General Investment Account

There’s no limit to how much you can invest in a General Investment Account, so it’s ideal if you’ve already used your ISA allowance. There are no restrictions on withdrawals from a General Investment Account, but you should be prepared to invest for at least five years.

General Investment Account

A General Investment Account (GIA) is an investment wrapper. It can be used if you’ve already maximised your ISA or pension contributions and you have more money to invest. Unlike ISAs and pensions, there’s no limit on how much you can invest in a GIA

There are no restrictions on when you can withdraw money invested in a GIA, but you should be prepared to invest for at least five-years.

You can invest in a wide range of funds, shares, investment trusts and exchange traded funds (ETFs).

Independent Financial Advice

No limit on the amount you can invest.

Access to a comprehensive range of investment funds.

No restrictions on withdrawals.

“We give candid, impartial, effective, plain English financial advice.”

Those who take financial advice are on average £47,000 better off than those that don’t

FT Adviser, November 2019

FAQ

Frequently Asked Questions

The information provided in these FAQs does not constitute professional financial advice. We strongly recommended that you consult a professional adviser before proceeding with a financial transaction.

How much can I pay into a General Investment Account?

There’s no limit to how much you can invest in a General Investment Account.

Is an investment in a General Investment Account a good idea?

If you’ve already used up your ISA (Individual Savings Account) subscription allowance for the current Tax-Year, and your pensions are fully funded, yes.

Bear in mind that the profits you earn on your ISA and pension investments are free from personal taxes whereas, in a General Investment Account, any gains you make will be assessed for Capital Gains Tax and any income you earn will be assessed for Dividend Income Tax.

The value of an investment and any income from it may fall as well as rise, and you may not get back the full amount you invest.

How does a General Investment Account make money?

You can invest in bonds, cash, collective investment funds, ETFs, or stocks and shares via a General Investment Account. Your preferred investments could grow either because the capital value of the investment has increased, because your investment has paid a dividend or a coupon which you’ve reinvested, or a cash holding has earned interest.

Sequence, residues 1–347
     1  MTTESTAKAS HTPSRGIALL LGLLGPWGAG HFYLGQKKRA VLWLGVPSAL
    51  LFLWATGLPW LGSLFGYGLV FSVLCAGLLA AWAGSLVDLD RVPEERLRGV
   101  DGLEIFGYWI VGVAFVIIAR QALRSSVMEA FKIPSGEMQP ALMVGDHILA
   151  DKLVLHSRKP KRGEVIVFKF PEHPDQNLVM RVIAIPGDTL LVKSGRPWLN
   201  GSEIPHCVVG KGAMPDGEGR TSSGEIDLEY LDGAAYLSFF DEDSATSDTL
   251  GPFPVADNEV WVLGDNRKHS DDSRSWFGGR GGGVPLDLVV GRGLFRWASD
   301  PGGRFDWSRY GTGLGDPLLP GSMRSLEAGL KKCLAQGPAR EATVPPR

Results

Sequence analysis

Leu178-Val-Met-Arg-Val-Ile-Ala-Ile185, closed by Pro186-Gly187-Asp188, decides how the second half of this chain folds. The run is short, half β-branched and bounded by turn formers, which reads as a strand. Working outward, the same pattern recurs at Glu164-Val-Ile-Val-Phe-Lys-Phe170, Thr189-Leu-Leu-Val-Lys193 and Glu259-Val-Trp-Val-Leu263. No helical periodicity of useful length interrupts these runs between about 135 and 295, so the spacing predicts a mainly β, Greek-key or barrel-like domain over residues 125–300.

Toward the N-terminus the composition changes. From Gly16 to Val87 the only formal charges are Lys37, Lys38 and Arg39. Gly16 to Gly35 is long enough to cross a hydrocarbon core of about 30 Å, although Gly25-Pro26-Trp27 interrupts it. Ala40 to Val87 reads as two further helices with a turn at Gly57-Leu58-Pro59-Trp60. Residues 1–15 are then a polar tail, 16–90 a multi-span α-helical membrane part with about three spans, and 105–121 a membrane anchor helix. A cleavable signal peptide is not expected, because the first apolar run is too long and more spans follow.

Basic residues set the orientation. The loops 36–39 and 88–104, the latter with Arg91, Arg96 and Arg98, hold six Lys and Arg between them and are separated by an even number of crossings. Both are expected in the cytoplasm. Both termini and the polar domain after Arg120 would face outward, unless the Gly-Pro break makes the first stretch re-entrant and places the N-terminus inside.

The value of an investment and any income from it may fall as well as rise, and you may not get back the full amount you invest.

How Is a General Investment Account taxed?

The gains you make in a General Investment Account are potentially taxable. In this context, gains are the profits you earn when you dispose of an investment, which means either selling it, giving it away to someone else, or swapping it for something else.

It’s the gain you make that’s taxed and not the money you receive. Any gains you earn are added to your income to determine your highest marginal tax-rate. If you make a gain which is greater than your annual Capital Gains Tax exemption (£12,300 for the 2022/23 Tax-Year) you pay Capital Gains Tax at the rate of 10% if you’re a basic rate taxpayer or 20% if you’re a higher rate taxpayer.

Dividends earned in your General Investment Account may also be taxable. You don’t pay tax on the dividend income you earn if it falls within your unused Personal Income Tax Allowance (£12,570 for 2022/23 Tax-Year) plus your dividend tax allowance (£2,000 for 2022/23 Tax-Year). Any dividends earned above these combined thresholds are taxed at 7.5% for basic rate taxpayers, 32.5% for higher rate and 38.1% for additional rate taxpayers (whether reinvested or not). You need to report gains or dividends to HM Revenue and Customs (HMRC) through completion of a Self-Assessment form if the amount of your income or gains exceeds your personal allowances. Similarly, you must report details of any interest received on the cash element of your General Investment Account if it’s greater than your tax allowances.

As it’s possible to incur a tax liability you should ensure you take advice before making any sales from your General Investment Account. Assistance on completing your self-assessment tax return can be found on the HMRC website.

Note that this tax treatment depends on your individual circumstances and may be subject to change in future.

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Neil Jenkins owner of Fintegrity

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